The South African National Editors’ Forum has backed a demand by the Parliamentary Press Gallery Association (PGA) on Wednesday that the legislature withdraw a statement about negotiations on media arrangements for the State of the Nation Address (Sona).
The PGA accused the secretary of parliament, Gengezi Mgidlana, of misrepresenting the facts in the statement issued earlier in the day and said it constituted a breach of trust.
“The statement was not only misleading, but it was issued prematurely while discussions were ongoing between the PGA, Parliament and SANEF (South African National Editors’ Forum,” PGA secretary Paul Vecchiatto said.
Vecchiatto said contrary to assurances from Mgidlana in the statement, the PGA remained concerned that journalists covering President Jacob Zuma’s tenth Sona on Thursday would have their movements and ability to work restricted.
Mgidlana said it was agreed at a meeting between his office and the PGA on Tuesday that, contrary to several media reports, nothing had changed in Parliament’s regulations regarding media operations around the event.
“Indeed nothing has changed in the regulations and protocols governing the operations of the media accredited to cover the State of the Nation Address,” he said.
He added that a liaison team of PGA members had been established to interact with parliamentary officials as “a first point of call to help nip any potential, real or imaginary, challenge in the bud”.
Vecchiatto countered: “It is not correct to claim that a liaison team of the PGA had been established already to assist in the event of a problem arising on the day.”
“In Tuesday’s meeting, there was no discussion about a statement being issued, and we were still in discussions about the next move forward,” he added.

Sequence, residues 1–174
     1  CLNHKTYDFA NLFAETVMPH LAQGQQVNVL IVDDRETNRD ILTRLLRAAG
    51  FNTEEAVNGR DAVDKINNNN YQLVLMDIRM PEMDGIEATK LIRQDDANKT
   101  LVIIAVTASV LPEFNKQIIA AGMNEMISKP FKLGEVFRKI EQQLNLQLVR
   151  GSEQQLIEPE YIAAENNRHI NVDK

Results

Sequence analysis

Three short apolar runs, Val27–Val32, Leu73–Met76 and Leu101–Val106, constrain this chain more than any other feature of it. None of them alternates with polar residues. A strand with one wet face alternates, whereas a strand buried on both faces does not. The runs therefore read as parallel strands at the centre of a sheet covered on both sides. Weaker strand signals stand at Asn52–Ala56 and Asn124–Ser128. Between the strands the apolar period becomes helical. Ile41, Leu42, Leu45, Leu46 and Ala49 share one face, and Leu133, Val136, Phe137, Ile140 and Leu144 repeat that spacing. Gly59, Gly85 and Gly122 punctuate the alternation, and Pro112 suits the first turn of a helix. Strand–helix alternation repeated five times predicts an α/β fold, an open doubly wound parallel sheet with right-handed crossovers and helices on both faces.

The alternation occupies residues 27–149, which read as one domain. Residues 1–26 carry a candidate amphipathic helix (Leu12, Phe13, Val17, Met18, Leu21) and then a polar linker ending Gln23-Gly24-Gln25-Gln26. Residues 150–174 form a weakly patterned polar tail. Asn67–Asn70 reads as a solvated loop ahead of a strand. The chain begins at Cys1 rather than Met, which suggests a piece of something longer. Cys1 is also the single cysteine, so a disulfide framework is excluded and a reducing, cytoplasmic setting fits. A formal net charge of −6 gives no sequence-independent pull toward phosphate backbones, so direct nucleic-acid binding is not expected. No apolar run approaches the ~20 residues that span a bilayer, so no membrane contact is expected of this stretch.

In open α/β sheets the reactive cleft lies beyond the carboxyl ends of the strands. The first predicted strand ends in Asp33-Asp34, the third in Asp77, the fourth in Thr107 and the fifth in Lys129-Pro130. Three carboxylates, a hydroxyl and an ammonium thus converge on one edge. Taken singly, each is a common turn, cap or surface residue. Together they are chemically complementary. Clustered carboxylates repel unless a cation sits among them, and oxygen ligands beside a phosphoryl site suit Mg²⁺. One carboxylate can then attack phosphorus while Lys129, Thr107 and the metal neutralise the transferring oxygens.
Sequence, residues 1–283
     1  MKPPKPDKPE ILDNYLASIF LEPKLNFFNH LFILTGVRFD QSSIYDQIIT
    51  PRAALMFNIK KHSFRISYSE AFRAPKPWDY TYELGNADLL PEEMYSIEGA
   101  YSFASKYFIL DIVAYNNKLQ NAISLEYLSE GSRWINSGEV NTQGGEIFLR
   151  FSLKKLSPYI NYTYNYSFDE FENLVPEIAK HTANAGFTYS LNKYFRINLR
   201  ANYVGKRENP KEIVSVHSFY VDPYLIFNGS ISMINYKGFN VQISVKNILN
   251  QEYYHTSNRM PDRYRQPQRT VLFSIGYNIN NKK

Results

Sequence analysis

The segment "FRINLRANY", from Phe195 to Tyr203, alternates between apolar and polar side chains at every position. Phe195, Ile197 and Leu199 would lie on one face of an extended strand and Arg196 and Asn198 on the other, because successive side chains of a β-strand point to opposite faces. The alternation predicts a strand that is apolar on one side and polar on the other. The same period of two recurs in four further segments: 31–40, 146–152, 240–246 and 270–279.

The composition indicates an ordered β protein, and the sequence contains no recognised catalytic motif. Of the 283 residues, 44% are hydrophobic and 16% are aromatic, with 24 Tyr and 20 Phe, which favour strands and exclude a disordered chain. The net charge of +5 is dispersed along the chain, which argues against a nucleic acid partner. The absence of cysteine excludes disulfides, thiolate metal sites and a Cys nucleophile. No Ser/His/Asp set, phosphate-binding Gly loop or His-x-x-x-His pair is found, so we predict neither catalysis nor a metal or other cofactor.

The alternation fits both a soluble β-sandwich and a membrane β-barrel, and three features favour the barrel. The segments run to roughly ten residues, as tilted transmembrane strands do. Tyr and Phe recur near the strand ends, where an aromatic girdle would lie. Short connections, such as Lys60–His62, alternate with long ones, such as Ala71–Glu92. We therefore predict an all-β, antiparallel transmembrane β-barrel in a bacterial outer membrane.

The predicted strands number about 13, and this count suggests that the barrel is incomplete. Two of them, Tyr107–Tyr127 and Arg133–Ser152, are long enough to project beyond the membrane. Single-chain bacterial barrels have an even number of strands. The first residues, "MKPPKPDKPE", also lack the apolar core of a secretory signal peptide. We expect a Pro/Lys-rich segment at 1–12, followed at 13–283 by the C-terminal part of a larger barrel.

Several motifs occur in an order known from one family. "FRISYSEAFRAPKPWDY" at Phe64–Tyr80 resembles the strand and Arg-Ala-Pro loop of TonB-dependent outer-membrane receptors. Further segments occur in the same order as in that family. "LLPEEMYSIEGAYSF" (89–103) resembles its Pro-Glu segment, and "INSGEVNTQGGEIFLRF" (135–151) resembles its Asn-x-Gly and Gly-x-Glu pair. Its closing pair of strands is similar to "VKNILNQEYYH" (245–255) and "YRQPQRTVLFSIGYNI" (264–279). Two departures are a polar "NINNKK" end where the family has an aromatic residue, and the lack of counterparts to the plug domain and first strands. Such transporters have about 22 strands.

“By issuing a statement prematurely, Parliament has broken our trust.”
Sanef noted that it had written to speaker of the National Assembly Baleka Mbete and chairperson of the National Council of Provinces Thandi Modise to spell out concerns regarding restrictions on the media’s movements on Thursday.
Modise referred the matter to Mgidlana, but Sanef said the statement he issued was a setback for negotiations with him.
“These efforts were hampered this morning after Parliament issued a statement that was not only premature but also was not a true reflection of what had transpired at a meeting between the PGA, a Sanef representative and Mr Mgidlana on Tuesday evening.
“Sanef supports the PGA’s request – made at what was to be a follow-up meeting – for the statement to be withdrawn. The statement was misleading and claimed that agreement on a range of issues had been reached. The statement amounted to a breach of trust in ongoing attempts to find a solution to our serious concerns about security plans at parliament.
Sanef also said it remained “extremely concerned that security arrangements would hamper journalists’ ability to report on the event”.
Additional security measures have been in place during Zuma’s annual address to parliament in recent years since the Economic Freedom Fighters began routinely disrupting the event.
– African News Agency